Saturday, 24 August 2013
more commentary about fracking
See this earlier article for background.
Some interesting material has been published by the joint public issues team of the Baptist, Methodist, and United Reformed Churches:
… with the exception of a discussion on fuel poverty, the Church of England’s statement does not reveal its own perspective on “balancing considerations” which it claims are not being taken into account by others.
The Church of England takes on the protestors by stating that blanket opposition to fracking “fails to take into account those who suffer most.” But this link to fuel poverty begs some critical examination…
This analysis references two earlier documents:
Posted by Simon Sarmiento on
Saturday, 24 August 2013 at 6:55pm BST
a report and study guide to help individuals and local groups:
- understand the position of The Baptist Union, The Methodist Church and The United Reformed Church on climate change
- become aware of a vital connections between climate change and the Christian faith
- transform lifestyles through studying, praying and acting on the issues
- inspire others in the community to live in harmony with the whole of creation
You can make a Permalink to this if you like
Church of England
Of course, one of the corollaries of the present discussion on fracking and climate change, is that the resources of the earth are actually finite, and that this has a tremendous relevance to the prospect of unlimited procreation. What happens when all the reserves are exhausted - will that be 'Armageddon'?
Or will the Churches that advocate unlimited population increase (e.g. bans on contraception) begin to realise that very soon there will be neither food nor fuel to support the exponential growth of world population? One cannot deal with the planned depredation of resources without also dealing with the need to limit population growth.
while I agree with you I don't think the churches positions on contraception have any significant influence in the world.
Statistics show that when countries become richer and having many children is no longer the best way of securing your survival in old age, they all see a fall in population, regardless of the predominant faith.
Population size is tied to financial security.
I'm less optimistic than Erika because, while middle-class families have fewer children than the very poor, these families also consume vastly more resources as they become wealthier. But the discourse of over-population seems to me to be a red-herring. It has the advantage of palming responsibility for the imagined Malthusian crisis off to the profligate Third World ('breeding like rabbits!'), while ignoring the fact that this crisis arises not from the number of people there are in the world, but from the share of the earth's resources they consume.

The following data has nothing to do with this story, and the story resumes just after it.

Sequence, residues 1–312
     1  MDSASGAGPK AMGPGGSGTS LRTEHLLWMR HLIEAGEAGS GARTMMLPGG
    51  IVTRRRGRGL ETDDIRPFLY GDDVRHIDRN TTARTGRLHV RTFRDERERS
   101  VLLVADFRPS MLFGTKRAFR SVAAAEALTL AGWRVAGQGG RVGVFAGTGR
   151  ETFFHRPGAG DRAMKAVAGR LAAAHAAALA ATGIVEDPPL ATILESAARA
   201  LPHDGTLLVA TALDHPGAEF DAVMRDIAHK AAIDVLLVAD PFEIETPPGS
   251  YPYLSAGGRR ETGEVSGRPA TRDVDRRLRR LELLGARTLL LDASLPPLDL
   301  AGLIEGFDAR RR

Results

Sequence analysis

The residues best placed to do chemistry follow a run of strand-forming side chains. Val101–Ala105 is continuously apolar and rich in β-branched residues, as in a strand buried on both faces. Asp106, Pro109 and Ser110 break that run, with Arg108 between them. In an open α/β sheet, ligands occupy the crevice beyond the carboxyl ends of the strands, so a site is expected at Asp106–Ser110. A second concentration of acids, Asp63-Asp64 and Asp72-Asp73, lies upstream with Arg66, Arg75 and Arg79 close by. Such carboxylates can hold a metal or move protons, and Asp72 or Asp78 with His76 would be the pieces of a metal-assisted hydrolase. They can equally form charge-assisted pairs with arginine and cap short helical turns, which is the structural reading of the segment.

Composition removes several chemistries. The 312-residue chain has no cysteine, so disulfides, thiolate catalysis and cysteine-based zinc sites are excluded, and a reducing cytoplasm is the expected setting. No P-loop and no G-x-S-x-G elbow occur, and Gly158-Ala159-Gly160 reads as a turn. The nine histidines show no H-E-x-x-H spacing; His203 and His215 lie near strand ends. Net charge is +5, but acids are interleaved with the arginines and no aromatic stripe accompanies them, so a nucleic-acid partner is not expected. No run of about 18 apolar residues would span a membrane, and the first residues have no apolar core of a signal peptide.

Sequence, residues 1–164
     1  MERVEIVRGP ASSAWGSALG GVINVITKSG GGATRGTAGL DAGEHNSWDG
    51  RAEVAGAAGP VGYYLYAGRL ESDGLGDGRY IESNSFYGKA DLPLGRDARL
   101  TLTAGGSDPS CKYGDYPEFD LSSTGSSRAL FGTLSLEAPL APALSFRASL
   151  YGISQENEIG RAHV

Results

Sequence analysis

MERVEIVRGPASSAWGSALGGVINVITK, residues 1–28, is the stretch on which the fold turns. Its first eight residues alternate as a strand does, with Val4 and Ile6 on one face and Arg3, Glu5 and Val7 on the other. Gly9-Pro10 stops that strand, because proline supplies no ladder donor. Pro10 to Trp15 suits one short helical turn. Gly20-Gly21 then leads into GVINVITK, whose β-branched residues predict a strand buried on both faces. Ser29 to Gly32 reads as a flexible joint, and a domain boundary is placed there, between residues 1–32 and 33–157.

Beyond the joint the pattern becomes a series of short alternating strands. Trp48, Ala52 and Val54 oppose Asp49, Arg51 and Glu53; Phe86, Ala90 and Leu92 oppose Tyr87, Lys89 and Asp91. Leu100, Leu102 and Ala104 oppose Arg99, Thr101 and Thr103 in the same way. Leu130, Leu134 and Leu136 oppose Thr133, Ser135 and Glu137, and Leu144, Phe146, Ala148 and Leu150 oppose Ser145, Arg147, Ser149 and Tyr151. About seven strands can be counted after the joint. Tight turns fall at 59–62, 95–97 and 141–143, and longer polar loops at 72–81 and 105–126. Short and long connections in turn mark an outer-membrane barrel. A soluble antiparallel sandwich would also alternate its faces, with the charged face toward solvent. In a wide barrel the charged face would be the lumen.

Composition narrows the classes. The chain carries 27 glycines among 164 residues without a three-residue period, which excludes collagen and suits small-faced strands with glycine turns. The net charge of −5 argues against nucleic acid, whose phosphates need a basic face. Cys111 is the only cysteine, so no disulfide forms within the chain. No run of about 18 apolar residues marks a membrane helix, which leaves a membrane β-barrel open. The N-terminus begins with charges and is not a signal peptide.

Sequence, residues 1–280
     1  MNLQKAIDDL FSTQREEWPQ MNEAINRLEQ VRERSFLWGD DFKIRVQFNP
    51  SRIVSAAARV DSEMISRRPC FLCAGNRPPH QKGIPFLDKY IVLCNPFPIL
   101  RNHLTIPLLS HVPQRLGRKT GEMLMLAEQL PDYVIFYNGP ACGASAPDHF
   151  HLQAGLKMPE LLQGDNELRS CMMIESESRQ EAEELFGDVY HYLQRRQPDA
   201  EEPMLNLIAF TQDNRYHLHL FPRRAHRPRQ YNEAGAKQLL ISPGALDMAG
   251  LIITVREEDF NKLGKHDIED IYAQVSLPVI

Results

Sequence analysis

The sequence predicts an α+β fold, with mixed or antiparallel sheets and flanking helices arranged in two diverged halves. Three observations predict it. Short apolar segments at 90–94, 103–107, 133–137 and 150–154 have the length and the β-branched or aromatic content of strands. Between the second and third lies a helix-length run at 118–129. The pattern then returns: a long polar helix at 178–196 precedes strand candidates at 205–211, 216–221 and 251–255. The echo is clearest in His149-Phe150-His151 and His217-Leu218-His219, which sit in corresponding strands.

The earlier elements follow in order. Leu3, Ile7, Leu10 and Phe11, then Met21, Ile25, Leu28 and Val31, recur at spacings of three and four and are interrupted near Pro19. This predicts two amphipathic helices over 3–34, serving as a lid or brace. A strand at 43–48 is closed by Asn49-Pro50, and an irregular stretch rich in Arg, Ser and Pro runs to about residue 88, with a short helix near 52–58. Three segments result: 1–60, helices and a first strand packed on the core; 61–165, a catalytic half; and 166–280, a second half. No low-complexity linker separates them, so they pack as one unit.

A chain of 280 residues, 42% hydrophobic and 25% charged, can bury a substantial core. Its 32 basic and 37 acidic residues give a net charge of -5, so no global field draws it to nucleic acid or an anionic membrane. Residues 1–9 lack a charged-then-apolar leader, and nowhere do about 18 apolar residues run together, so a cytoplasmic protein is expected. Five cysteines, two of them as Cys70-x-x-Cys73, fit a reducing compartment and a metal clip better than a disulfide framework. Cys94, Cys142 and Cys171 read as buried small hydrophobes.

Population is not really the issue. The issue is how much of our lifestyle we are willing to give up, because not everyone will be able to have cars or air conditioning or overseas holidays, or maybe gas-heating in winter. This dilemma invites us to give serious consideration to global inequalities as well as to national and regional ones. Alas the Church of England - parochial and inward-looking as ever - shows few signs of a willingness to take on a global outlook.
While population growth isn't the only thing and even where important not directly related to religious dogma so one can exaggerate its effect, I still thing that religious choices that emphasise unlimited procreation have to be subject to critique.
That is a very good point, rjb!
I would add that not all of it is individual lifestyle related. The per capita use of resources usually includes the resources used by industry, and the real challenge is to find less resource intensive processes.
The recession has shown how instable our societies become when people are suddenly pushed into deep financial insecurity. Some analyses I read link the current situation in Syria and Egypt to underlying economic reasons.
The answer will have to come from research and more and more advanced and sustainable technologies. A simple back to the future cannot solve the crisis.
Agree with rjb. It's the wealthy doing the consumption and lifestyle changes are crucial - I'm not giving up heat in winter! But I don't have to. I have a combination electric assisted solar heat, an energy company that let's you buy a percentage of your electricity from wind energy, and a fireplace. Obviously, that is only a start, but I think it points to productive, sustainable solutions, i.e. using a diverse array of energy sources.
The problem is that the polluting energies seem to hold a lot of power. Ur, I mean political power.